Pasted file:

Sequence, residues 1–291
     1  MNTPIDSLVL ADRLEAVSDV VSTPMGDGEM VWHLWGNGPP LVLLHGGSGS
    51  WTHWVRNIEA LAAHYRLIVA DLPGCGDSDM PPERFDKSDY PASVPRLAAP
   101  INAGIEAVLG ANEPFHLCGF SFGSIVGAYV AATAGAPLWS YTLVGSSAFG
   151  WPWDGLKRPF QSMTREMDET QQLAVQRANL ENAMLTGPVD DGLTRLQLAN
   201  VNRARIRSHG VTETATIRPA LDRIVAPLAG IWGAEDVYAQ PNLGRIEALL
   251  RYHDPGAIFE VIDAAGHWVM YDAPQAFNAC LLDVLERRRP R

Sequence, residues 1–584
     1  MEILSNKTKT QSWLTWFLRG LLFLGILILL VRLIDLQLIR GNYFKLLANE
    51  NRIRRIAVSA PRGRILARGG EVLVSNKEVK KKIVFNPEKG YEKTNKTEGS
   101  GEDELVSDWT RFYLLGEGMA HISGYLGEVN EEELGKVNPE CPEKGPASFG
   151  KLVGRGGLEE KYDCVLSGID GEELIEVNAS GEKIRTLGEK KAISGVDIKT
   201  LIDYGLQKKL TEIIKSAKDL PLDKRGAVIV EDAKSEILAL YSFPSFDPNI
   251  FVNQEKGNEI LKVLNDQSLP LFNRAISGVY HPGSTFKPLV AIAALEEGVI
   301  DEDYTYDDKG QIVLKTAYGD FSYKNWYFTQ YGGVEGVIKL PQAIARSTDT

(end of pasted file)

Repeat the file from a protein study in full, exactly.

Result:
Sequence, residues 1–291
     1  MNTPIDSLVL ADRLEAVSDV VSTPMGDGEM VWHLWGNGPP LVLLHGGSGS
    51  WTHWVRNIEA LAAHYRLIVA DLPGCGDSDM PPERFDKSDY PASVPRLAAP
   101  INAGIEAVLG ANEPFHLCGF SFGSIVGAYV AATAGAPLWS YTLVGSSAFG
   151  WPWDGLKRPF QSMTREMDET QQLAVQRANL ENAMLTGPVD DGLTRLQLAN
   201  VNRARIRSHG VTETATIRPA LDRIVAPLAG IWGAEDVYAQ PNLGRIEALL
   251  RYHDPGAIFE VIDAAGHWVM YDAPQAFNAC LLDVLERRRP R

Sequence, residues 1–584
     1  MEILSNKTKT QSWLTWFLRG LLFLGILILL VRLIDLQLIR GNYFKLLANE
    51  NRIRRIAVSA PRGRILARGG EVLVSNKEVK KKIVFNPEKG YEKTNKTEGS
   101  GEDELVSDWT RFYLLGEGMA HISGYLGEVN EEELGKVNPE CPEKGPASFG
   151  KLVGRGGLEE KYDCVLSGID GEELIEVNAS GEKIRTLGEK KAISGVDIKT
   201  LIDYGLQKKL TEIIKSAKDL PLDKRGAVIV EDAKSEILAL YSFPSFDPNI
   251  FVNQEKGNEI LKVLNDQSLP LFNRAISGVY HPGSTFKPLV AIAALEEGVI
   301  DEDYTYDDKG QIVLKTAYGD FSYKNWYFTQ YGGVEGVIKL PQAIARSTDT